Civil War Diorama
124 Hellam Street
Wrightsville, PA 17368
Hours:
Sunday 1:00 - 4:00 PM (execept holidays)
March through November
Also open by
special appointment
call 717/ 252-1169
The Diorama at Wrightsville dates from 1991 when the building housing the diorama was given to Historice Wrightsville, Inc. The building had previously been a post office, a barber shop and a stove store. In 1996, the diorama opened thanks to gifts from many residents and organizations, spearheaded by Mr. Dewey Weeks. Mr. Philip Landis developed the sound and light show. Mr. Don Lehman wrote and recorded the narration, and Mr. Clyde Maybee made the dioramas.

The story told by the diorama is one of adventure and history. It tells how the Confederacy under General John B. Gordon reached Wrightsville in June 1863, looking for a way across the Susquehanna, the last major obstacle between them and the riches of Pennsylvania, including Harrisburg and Philadelphia. It tells of half-trained local militia, using makeshift fortifications and their efforts to stop the Confederates. Finally, it tells of the burning of the Wrightsville-Columbia Bridge, one of the longest covered bridges in the world, to stop the eastern advance of Lee's army, and the cooperation of the residents and the invaders to save the town from fire. Had the Confederates been able to cross the river at Wrightsville, it is entirely possible that the Battle of Gettysburg would not have been fought, and perhaps the Civil would have had a different ending.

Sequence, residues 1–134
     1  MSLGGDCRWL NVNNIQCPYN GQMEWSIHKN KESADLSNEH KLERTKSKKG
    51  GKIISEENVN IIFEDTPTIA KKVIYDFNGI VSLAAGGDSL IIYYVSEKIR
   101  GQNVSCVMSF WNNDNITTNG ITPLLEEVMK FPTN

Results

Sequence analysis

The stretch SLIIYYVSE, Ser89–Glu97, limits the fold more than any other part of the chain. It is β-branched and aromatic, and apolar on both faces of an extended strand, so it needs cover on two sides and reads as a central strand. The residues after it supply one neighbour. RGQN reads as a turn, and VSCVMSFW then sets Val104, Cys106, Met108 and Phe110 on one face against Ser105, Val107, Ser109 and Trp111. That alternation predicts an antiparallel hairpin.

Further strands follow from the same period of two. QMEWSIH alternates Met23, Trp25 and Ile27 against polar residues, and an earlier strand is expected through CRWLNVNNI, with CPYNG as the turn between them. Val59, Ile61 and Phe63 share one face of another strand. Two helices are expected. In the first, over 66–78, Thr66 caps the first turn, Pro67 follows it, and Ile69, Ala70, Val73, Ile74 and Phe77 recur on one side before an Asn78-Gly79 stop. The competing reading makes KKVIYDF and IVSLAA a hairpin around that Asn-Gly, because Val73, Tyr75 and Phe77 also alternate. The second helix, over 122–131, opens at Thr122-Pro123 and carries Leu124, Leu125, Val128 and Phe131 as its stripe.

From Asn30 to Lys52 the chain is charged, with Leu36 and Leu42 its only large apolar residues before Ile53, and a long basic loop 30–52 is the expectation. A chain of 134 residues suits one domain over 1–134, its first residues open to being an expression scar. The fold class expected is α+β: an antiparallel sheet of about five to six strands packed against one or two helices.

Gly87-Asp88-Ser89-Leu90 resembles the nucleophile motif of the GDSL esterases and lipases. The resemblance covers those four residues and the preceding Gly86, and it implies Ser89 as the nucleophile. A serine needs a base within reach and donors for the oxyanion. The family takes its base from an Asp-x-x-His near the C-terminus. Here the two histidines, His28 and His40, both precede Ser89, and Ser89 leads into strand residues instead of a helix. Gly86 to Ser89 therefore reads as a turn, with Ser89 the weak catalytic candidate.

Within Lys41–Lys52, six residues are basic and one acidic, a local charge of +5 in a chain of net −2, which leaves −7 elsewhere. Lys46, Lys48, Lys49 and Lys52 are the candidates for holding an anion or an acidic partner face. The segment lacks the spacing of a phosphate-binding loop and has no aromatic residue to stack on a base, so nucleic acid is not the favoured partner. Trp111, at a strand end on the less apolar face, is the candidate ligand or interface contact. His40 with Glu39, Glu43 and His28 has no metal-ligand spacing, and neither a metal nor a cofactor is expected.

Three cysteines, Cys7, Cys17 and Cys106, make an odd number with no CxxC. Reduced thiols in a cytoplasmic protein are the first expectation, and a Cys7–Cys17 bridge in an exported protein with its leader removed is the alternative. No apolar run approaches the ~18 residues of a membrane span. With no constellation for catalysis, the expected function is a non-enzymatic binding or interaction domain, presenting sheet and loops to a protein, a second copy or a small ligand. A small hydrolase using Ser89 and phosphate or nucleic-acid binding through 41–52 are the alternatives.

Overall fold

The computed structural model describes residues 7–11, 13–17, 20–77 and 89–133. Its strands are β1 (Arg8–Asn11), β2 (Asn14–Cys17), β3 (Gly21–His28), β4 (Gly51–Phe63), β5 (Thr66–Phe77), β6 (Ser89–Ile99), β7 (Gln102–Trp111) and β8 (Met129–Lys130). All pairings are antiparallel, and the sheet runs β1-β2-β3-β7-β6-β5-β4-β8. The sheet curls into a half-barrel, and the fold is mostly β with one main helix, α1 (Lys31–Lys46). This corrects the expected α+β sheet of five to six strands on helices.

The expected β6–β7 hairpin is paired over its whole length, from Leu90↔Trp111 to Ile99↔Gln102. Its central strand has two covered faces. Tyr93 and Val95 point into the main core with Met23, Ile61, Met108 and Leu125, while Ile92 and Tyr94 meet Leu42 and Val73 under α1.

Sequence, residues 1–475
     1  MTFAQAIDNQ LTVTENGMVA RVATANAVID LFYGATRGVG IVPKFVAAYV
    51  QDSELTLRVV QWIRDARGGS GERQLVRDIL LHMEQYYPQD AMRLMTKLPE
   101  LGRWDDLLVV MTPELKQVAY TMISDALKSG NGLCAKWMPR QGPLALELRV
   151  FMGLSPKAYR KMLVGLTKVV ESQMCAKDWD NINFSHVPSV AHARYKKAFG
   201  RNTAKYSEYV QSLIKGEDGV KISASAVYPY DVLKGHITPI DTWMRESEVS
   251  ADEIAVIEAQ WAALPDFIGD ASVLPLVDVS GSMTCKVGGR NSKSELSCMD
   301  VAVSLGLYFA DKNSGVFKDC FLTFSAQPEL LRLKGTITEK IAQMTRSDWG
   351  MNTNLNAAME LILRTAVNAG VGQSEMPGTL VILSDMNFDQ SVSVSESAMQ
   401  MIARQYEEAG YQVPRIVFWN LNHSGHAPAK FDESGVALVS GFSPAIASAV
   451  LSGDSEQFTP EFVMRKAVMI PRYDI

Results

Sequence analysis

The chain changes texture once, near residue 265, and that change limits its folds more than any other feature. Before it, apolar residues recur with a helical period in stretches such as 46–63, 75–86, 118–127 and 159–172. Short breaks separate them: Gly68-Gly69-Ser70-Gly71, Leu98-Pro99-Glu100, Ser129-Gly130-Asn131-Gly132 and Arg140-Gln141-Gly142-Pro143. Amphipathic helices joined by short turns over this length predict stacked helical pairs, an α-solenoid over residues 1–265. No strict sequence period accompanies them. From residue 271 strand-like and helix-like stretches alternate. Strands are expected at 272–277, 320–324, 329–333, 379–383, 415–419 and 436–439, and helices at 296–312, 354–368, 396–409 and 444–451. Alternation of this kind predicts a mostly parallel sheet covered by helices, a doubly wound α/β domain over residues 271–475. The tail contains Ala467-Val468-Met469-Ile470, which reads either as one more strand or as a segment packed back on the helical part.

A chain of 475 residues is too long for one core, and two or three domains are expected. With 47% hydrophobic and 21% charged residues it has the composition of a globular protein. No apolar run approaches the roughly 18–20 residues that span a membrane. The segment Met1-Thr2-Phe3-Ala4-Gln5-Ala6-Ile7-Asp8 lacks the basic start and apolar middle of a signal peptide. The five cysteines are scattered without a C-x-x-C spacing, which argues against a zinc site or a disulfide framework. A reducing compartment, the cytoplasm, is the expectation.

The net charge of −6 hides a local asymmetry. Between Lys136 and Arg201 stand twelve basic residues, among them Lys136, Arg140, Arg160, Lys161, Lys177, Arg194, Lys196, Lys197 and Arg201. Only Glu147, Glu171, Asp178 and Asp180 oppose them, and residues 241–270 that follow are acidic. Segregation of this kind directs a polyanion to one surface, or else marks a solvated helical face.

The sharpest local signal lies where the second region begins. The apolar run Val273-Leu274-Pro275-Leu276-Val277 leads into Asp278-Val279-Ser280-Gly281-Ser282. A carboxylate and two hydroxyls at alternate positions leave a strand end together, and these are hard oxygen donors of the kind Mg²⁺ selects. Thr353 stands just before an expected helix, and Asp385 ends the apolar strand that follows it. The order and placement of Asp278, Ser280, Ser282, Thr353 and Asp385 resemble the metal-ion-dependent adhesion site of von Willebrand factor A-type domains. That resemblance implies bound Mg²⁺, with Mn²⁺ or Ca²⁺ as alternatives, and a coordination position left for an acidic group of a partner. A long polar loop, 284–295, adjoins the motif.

The guides at the diorama are a very knowledgeable group of volunteers who would be happy to answer any of your questions, not only about the Civil War, but about local history and attractions as well.

So do what Lee's army could not do - cross the river to Wrightsville and spend time enjoying our history, our past, and our present.
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